Thursday, October 30, 2014

Response to GamerGate

Gamers--it's a large group of individuals who associate with a culture that has, for a long time, not been accepted as part of the social norm. It comprises of men and women who tend to score very high in video games but do not perform very well in social situations. Games have taught this culture to get frustrated at, hit, and manipulate the things which are deemed antagonistic, rather than flex a more civil muscle to find a social based solution that is not destructive.

As the use of computers and gadgets has become common place, the moniker of 'gamer' applies to nearly everyone. Suddenly, the same demographic that was always picked last at school gym are now part of the mainstream.

Enter feminists into video gaming. This classification of people are challenging video game narrative much in a same way a community challenges a government. Everyone should have a right to express their perception of a situation which affects them negatively, as a means to change this situation, regardless of the validity of such a claim.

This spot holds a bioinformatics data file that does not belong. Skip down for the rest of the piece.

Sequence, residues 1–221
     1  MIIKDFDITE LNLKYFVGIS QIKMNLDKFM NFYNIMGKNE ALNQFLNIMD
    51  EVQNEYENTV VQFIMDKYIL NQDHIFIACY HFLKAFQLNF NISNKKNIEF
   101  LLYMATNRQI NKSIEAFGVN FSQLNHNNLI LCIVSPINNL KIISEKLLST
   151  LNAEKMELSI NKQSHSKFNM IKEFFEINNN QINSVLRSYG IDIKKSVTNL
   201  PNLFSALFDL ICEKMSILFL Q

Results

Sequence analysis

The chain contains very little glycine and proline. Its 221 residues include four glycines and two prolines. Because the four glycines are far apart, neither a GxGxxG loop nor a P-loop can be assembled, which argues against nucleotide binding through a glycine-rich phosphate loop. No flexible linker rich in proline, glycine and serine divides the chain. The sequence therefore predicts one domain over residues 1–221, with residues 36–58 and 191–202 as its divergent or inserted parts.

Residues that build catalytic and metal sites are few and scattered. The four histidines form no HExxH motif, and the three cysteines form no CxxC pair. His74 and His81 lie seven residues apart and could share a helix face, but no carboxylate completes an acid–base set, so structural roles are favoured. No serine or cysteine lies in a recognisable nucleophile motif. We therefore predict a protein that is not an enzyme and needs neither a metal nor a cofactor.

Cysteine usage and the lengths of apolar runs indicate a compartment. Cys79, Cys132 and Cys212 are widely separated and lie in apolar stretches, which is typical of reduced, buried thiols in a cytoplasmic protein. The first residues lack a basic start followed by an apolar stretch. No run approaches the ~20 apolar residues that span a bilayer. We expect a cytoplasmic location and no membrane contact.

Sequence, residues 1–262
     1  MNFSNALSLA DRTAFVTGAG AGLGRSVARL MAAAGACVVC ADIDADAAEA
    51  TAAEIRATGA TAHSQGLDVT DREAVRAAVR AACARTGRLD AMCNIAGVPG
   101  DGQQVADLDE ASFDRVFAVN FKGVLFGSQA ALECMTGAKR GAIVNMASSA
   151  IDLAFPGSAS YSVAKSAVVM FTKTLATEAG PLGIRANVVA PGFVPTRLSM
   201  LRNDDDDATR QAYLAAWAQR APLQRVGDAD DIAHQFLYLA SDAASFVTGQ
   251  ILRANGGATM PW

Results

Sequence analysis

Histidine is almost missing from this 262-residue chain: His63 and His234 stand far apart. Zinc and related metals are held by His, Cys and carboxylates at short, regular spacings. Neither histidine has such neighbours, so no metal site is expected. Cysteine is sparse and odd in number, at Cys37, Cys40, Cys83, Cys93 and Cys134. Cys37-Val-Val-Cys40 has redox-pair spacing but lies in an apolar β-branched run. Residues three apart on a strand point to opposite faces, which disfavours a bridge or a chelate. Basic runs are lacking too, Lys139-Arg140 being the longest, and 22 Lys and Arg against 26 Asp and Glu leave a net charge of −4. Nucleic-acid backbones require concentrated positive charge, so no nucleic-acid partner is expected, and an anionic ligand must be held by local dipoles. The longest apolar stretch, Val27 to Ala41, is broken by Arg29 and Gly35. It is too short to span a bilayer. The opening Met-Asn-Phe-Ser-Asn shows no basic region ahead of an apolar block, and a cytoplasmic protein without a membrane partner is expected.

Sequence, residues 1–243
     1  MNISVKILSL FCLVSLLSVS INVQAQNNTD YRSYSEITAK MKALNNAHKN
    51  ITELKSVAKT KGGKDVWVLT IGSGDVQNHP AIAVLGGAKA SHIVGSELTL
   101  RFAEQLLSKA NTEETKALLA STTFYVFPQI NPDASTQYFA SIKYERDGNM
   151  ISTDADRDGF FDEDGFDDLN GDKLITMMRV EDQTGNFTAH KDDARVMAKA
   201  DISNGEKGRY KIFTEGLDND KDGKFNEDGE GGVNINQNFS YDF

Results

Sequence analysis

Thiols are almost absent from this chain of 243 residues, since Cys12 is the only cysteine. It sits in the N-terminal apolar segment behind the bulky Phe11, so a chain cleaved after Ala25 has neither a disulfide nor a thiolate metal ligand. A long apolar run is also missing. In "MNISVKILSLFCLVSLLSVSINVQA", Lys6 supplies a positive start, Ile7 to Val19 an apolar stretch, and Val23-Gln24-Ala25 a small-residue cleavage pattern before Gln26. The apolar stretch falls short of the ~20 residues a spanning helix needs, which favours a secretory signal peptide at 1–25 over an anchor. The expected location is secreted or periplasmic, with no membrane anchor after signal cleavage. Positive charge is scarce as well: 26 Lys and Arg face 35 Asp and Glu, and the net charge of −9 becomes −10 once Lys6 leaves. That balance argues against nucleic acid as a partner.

The claim put forth by feminists like Sarkeesian is that, although many women play video games, women in video games are not represented in a manner which fairly and truly caters to female gamers. In other words, women are the last to be picked at video game gym.

My experience as a computer using geek growing up was very much like explained:  I was a sort of social outcast at school. But there were always others like me. I recall (what is likely a normal phenomenon) that other social outcasts at school would bind together and socialize. There were the computer nerds, the math nerds, the band nerds, the drama nerds, the D&D nerds, the card playing nerds, and others. They were of varying ages, races, genders, sizes, and so on, but they tended to have one thing in common:  they were gamers.

My experience is why GamerGate saddens me:  it's a fomerly rag tag group of unique individuals now fighting to exclude outside thought and defend the norm.